Monday, September 29, 2008
If developers and contractors must stay in business, they must therefore keep looking for "low-hanging fruit." This means that they will find inexpensive land, inexpensive labor, and inexpensive financing for their projects (or else find an opportunity in a downtown market with very high barriers to entry). The most likely projects that will qualify for all of the above are apartments in markets with reasonable rental demand. Where the demand is lacking for high-end apartments, such as in bedroom communities, they will have to look for the next best thing: assured income from Section 8 rentals.
This again highlights my point that the developer is simply being opportunistic in trying to build multifamily. Once more, I challenge the belief that we must sacrifice our community's integrity to provide short-term income for one developer. It isn't fair to the neighbors who bought into another plan for their community.
Sunday, September 14, 2008
Anyone who knows me well would understand that I tend to support vertical development in urban centers, and I tend to gravitate toward a lifestyle that works within that type of setting. But underlying those attitudes are a lot of other beliefs about what a city should be, and how the community's character is expressed and preserved through development.
Now it becomes more complex, as I have grown more and more prideful as an Arizona native, and moved into a wonderfully planned community in Laveen - not far from where I grew up. Again, for those who know me well, you would understand the painstaking research that I undertook before buying our house here. I looked up the Phoenix general plan, looked into future transportation plans, crime statistics, schools (present and planned), strict development guidelines, prospective commercial growth, nearby industry, barriers to sprawl, convenient outdoor activities, and overall convenience in location. What I found was all positive - Laveen actually promised to maintain its character through good planning for managed growth, and appeared to be better positioned than any other newly developing community.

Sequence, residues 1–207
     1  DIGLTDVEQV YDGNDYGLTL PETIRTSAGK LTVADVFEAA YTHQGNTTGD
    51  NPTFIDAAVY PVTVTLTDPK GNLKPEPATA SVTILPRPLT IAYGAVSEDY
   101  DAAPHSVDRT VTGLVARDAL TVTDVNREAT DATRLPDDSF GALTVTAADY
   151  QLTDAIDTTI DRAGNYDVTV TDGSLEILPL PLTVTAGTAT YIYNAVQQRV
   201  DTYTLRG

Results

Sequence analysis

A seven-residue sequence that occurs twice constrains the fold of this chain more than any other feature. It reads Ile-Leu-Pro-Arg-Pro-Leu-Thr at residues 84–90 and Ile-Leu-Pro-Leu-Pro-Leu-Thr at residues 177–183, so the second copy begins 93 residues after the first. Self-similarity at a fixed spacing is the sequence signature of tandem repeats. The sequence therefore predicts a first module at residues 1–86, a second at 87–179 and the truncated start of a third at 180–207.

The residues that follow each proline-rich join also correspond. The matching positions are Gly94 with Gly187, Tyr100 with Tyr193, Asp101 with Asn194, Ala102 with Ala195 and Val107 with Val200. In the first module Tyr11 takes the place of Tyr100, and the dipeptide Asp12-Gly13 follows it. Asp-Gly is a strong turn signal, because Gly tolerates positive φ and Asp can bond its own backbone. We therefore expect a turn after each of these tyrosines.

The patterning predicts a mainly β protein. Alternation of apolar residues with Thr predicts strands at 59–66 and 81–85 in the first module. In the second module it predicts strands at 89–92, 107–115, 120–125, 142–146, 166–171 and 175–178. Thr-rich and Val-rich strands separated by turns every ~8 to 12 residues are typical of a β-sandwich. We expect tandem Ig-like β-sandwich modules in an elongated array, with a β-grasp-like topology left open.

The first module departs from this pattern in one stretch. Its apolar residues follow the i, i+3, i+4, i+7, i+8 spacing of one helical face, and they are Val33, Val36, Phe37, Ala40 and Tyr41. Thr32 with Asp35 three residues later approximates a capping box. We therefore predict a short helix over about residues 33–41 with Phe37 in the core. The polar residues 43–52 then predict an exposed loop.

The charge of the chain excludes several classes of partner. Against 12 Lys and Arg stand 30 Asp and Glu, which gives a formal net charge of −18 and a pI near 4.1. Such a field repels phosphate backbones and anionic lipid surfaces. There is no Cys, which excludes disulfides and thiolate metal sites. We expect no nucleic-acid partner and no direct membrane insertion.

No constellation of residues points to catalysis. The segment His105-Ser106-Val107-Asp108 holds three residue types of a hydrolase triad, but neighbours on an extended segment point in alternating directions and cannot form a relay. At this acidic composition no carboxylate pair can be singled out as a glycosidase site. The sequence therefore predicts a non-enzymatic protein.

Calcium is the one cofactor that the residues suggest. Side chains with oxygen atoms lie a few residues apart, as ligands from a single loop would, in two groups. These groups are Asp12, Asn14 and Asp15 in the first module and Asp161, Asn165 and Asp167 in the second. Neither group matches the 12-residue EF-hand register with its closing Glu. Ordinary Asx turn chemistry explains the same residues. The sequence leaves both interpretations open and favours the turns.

Now it seems that the planning department is actively working against its own interests and ours, as they keep trying to rezone extremely low-density residential for apartments. Not only are the planners violating the implicit social contract with those of us who bought into the current plan, but they're jeopardizing their ability to someday take pride in how well this community was planned and developed. What's more surprising is that our elected city council representatives are supporting these rezoning proposals in direct opposition to the people they represent.
I've been active in helping to obtain signatures for the referendum drive this time around, and gotten into a few heated debates as a result. I was amazed at how many long-time Laveen residents have expressed grateful support for our efforts, despite the fact that the two community councils commissioned to represent their interests have failed to hear these concerns. Below is an email exchange that I shared with Phil Hertel and Steven Kline, both of the LCRD (I'm blue/green):
Justification for the 35th Ave apartment project...this in from the LCRD (Laveen Citizens for Responsible Development)...for more info, http://www.laveen.org/lcrd.
On Wednesday Sept 3, the Phoenix City Council unanimously approved the rezoning of the property directly South of the Wal-Mart Supercenter for apartments and two small commercial pads.
The city council vote was required due to the unanimous objection of nearby residential owners. All neighbors within 150 yards of the subject property were asked, and they opposed, as I understand. Like the Berkana case, this is yet another example of an unresponsive and non-representative council. Were you at the LCRD meeting? Although there were some in opposition at the outset of the meeting, I believe many of their concerns were addressed. This IS different from the Berkana piece. That was railroaded through with no community input or compromise.